Circulating microRNAs Reveal Time Course of Organ Injury in a Porcine Model of Acetaminophen-Induced Acute Liver Failure

Baker, L A and Lee, K C L and Jimenez, C P and Alibhai, H I K and Chang, Y M and Leckie, P J and Mookerjee, R P and Davies, N A and Andreola, F and Jalan, R (2015) Circulating microRNAs Reveal Time Course of Organ Injury in a Porcine Model of Acetaminophen-Induced Acute Liver Failure. PLoS One, 10 (5).

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Abstract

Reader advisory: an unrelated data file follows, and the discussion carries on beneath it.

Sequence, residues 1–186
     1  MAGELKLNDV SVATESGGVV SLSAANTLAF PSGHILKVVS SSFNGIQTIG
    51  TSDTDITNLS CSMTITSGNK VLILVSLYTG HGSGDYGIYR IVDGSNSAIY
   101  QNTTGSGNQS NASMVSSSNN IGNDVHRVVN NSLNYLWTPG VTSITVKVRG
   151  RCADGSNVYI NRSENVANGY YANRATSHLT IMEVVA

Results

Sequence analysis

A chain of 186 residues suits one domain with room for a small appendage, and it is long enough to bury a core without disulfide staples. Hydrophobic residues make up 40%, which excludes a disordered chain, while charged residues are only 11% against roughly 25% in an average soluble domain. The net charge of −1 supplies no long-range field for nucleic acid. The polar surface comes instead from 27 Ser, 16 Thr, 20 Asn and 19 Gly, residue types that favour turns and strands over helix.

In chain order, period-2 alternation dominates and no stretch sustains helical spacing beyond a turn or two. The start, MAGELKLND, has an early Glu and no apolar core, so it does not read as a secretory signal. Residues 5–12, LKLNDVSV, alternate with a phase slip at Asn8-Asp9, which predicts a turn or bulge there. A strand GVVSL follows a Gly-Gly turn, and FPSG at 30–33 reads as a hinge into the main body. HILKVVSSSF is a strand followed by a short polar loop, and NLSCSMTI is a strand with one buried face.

Acute liver failure is a rare but catastrophic condition which can progress rapidly to multi-organ failure. Studies investigating the onset of individual organ injury such as the liver, kidneys and brain during the evolution of acute liver failure, are lacking. MicroRNAs are short, non-coding strands of RNA that are released into the circulation following tissue injury. In this study, we have characterised the release of both global microRNA and specific microRNA species into the plasma using a porcine model of acetaminophen-induced acute liver failure. Pigs were induced to acute liver failure with oral acetaminophen over 19h±2h and death occurred 13h±3h thereafter. Global microRNA concentrations increased 4h prior to acute liver failure in plasma (P<0.0001) but not in isolated exosomes, and were associated with increasing plasma levels of the damage-associated molecular pattern molecule, genomic DNA (P<0.0001). MiR122 increased around the time of onset of acute liver failure (P<0.0001) and was associated with increasing international normalised ratio (P<0.0001). MiR192 increased 8h after acute liver failure (P<0.0001) and was associated with increasing creatinine (P<0.0001). The increase in miR124-1 occurred concurrent with the pre-terminal increase in intracranial pressure (P<0.0001) and was associated with decreasing cerebral perfusion pressure (P<0.002).